Why would a company lie about having workers’ compensation insurance in Texas?

Texas is the only state in the U.S. where workers’ compensation coverage is not mandatory for employers. The biggest reasons companies choose not to provide state-regulated insurance is that the program is expensive and it provides a lot of protection to the employee. Under workers' compensation, employees are guaranteed to receive payment for lost income and injury-related medical bills when they suffer a work-related injury or illness.

Your Company’s Insurance Policy May Not Be Equal to Workers’ Compensation

Millions of Texas employees are covered under their company’s privately-insured injury policy instead of workers’ compensation. Although these employers are still considered “non-subscribers” to federal workers’ compensation, they do allow injured workers to collect some benefits after an illness or accident on the job. However, these alternative policies typically offer less protection to the employees.

Companies may benefit by offering alternative coverage plans because:

  • Workers do not know that their “workers’ comp” is actually an alternative policy. Employers who provide workers' compensation have limited liability if an employee files an injury claim, so this can be another good reason why an employer would lead a worker to believe that the company has workers’ compensation insurance. A company can provide limited injury benefits under an alternative policy and refer to the payments as “workers’ comp,” telling the worker that he cannot sue if he accepts the payment.
  • These policies may be limited. Unlike federal coverage where all injury-related expenses must be covered, private insurers can impose both dollar and time limits on their policies. If the employer does not want to pay out of pocket after a claim’s coverage limit has been reached, the employer may simply stop benefits.
  • They are not government-regulated. The policies and coverage provided through workers’ compensation have clear regulations set forth by lawmakers. Private insurance is not licensed or regulated by a governing body, making it less likely that the employee will be protected.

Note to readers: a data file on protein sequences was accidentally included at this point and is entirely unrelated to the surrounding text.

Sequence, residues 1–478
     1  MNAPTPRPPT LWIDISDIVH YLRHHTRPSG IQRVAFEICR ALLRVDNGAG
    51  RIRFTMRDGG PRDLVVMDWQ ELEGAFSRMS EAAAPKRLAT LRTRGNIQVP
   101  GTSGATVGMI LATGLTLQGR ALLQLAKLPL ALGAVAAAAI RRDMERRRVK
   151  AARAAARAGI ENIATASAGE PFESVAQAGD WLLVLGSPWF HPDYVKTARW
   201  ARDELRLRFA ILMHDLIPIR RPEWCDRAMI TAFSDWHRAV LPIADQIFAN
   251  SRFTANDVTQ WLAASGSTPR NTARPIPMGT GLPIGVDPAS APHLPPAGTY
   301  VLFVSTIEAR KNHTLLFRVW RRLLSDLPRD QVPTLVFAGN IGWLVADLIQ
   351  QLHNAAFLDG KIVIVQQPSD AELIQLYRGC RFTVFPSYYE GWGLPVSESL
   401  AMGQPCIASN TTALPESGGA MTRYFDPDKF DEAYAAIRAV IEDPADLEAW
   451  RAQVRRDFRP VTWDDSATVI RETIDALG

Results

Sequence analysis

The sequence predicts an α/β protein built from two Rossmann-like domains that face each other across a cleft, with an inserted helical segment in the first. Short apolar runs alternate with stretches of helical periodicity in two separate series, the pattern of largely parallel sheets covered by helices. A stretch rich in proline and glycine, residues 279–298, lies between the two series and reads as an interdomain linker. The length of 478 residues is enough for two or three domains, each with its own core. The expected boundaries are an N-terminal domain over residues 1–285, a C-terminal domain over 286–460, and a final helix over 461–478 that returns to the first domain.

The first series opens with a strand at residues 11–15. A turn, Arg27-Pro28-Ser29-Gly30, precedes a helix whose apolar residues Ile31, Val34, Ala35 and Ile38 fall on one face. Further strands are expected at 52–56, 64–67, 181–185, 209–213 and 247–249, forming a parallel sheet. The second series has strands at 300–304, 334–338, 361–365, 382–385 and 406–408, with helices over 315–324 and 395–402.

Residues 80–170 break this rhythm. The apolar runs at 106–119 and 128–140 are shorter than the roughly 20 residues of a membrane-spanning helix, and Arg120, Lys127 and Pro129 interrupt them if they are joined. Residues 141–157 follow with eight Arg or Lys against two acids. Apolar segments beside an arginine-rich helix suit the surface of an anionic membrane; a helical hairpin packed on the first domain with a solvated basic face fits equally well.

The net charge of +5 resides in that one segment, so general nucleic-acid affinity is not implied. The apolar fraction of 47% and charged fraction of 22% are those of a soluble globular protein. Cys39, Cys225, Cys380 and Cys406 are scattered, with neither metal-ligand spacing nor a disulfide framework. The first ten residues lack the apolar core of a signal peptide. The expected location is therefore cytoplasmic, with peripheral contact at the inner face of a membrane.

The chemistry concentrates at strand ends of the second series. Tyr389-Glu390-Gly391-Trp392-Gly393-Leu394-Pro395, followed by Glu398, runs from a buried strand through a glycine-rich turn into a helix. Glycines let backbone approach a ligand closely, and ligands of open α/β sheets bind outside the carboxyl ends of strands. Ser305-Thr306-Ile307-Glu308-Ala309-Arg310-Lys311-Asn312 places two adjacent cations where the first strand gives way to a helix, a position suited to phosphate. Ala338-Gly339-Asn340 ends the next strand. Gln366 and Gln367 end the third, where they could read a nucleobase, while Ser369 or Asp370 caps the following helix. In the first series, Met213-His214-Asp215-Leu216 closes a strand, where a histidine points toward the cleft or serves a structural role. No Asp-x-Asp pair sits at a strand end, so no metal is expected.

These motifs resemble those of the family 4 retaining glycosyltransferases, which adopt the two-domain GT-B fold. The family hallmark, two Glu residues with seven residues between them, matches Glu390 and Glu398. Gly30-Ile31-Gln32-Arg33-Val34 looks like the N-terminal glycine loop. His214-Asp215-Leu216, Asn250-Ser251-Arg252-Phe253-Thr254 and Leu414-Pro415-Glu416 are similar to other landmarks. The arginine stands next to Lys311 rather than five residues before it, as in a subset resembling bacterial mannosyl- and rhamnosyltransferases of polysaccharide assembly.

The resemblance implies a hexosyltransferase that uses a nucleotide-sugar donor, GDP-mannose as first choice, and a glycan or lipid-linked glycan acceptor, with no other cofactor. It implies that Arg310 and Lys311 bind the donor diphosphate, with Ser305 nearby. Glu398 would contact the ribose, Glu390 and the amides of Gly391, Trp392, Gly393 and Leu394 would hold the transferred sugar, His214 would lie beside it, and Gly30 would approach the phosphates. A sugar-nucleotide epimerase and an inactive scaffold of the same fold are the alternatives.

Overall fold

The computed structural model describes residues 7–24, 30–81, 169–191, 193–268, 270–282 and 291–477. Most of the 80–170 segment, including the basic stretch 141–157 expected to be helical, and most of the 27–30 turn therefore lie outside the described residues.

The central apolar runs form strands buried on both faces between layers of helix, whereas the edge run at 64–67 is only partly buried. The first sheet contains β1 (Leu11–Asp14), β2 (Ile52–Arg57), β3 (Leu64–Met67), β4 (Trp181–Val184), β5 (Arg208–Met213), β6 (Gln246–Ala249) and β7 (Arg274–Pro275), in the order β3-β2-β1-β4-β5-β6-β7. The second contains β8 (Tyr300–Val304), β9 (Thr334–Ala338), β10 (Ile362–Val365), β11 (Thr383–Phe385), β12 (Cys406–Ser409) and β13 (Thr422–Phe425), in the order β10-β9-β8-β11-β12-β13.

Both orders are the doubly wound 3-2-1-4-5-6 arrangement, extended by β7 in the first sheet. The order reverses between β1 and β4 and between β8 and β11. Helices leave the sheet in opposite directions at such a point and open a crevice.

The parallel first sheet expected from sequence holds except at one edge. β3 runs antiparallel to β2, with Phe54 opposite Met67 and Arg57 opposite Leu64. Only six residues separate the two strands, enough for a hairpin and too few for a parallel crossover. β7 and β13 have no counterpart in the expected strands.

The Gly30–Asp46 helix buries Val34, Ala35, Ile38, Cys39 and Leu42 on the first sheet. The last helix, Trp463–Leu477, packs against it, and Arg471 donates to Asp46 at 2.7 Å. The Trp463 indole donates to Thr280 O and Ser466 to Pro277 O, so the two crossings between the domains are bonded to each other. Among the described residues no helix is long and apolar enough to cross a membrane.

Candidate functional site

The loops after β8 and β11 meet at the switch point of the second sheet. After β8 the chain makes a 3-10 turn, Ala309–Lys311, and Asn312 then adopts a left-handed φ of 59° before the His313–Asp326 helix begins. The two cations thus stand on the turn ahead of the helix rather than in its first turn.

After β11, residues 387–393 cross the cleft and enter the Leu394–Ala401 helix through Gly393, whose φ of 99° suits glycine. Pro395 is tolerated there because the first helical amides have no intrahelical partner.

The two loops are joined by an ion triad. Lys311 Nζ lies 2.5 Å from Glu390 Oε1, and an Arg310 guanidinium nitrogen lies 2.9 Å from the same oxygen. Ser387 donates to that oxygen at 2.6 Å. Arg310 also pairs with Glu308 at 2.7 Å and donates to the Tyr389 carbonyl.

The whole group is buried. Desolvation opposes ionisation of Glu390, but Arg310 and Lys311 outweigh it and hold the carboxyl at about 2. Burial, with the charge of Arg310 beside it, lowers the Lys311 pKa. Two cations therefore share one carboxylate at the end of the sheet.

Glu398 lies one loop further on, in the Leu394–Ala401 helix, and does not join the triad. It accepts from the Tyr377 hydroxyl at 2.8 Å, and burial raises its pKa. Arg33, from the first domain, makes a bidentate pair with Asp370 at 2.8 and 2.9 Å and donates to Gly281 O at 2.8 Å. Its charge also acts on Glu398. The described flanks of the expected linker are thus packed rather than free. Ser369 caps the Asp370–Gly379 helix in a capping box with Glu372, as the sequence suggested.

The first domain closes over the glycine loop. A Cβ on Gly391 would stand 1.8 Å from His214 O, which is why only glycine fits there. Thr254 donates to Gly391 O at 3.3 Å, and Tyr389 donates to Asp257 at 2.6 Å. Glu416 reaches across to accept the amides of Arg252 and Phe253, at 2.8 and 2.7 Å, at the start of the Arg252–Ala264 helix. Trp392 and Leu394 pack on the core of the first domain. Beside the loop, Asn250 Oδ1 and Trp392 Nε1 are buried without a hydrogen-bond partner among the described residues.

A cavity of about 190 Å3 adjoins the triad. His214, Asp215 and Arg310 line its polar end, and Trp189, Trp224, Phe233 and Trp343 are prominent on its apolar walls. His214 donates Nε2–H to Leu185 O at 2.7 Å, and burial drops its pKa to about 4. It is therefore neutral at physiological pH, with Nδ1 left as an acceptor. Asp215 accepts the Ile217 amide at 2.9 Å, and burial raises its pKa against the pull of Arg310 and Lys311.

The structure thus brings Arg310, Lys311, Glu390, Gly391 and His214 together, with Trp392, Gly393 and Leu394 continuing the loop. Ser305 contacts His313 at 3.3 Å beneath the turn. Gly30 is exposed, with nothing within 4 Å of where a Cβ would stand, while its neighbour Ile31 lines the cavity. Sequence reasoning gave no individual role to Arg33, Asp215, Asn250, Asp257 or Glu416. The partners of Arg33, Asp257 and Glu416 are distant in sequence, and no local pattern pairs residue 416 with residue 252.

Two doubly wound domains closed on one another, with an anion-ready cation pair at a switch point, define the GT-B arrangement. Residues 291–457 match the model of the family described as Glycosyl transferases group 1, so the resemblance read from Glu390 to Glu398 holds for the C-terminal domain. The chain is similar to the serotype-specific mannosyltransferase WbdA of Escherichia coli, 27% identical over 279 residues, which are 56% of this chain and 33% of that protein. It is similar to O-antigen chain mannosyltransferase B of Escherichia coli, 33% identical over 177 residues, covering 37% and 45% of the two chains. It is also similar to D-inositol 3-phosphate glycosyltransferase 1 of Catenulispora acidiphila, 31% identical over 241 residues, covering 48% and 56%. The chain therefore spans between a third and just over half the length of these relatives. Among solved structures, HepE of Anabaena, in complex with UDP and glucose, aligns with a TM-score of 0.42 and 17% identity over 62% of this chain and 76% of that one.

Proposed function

• The employers can set their own rules. There are many ways employers can make it as difficult as possible for employees to qualify for benefits through private policies, including requiring mandatory injury reporting within 24 hours of an accident or requiring a supervisor to attend an employee’s doctors’ visits.
  • There are no disability or death benefit requirements. Workers’ comp offers the possibility of lifetime benefits after a permanent disability, as well as death benefits if an employee is killed on the job. Private insurance does not offer any such guarantees.
  • There are no job protection requirements. Workers’ compensation law includes a provision to prevent retaliation or termination of an employee who seeks job-related injury compensation, while non-subscribing employers are free to demote or employees at will.

Can a Texas Company Offer No Benefits and No Workers’ Compensation Insurance?

Yes. Any company that does not subscribe to workers' compensation insurance can be considered a non-subscriber, even if the company does offer alternative benefits. Under the law, a worker can file a lawsuit against a non-subscriber to recover the full amount of his or her injury costs, plus any additional amounts for pain and suffering or permanent disability—even if they received some benefits under an alternative insurance plan. As an added benefit, any employer who fails to provide federal workers' compensation can be liable for the full amount of damages if the company is found to be just one percent at fault for the injury.

Not only can an employer be forced to pay damages to an employee, the employer can also be required to pay federal penalties for negligence. Texas employers who do not carry workers' compensation coverage are required to communicate their non-coverage status to their workers, and they are required to report any work-related injuries that result in more than one day of lost time to the Division of Workers' Compensation (DWC). If these requirements are not met, employers can be subject to administrative fines and fees, causing the loss of even more of their profits.

The costs to an employer for failing to provide proper benefits can quickly add up, resulting in the loss of hundreds of thousands of dollars in many cases. To find out how much your non-subscriber claim could be worth, contact the Packard Law Firm today to speak with a work injury attorney in your free, confidential, and no-obligation consultation.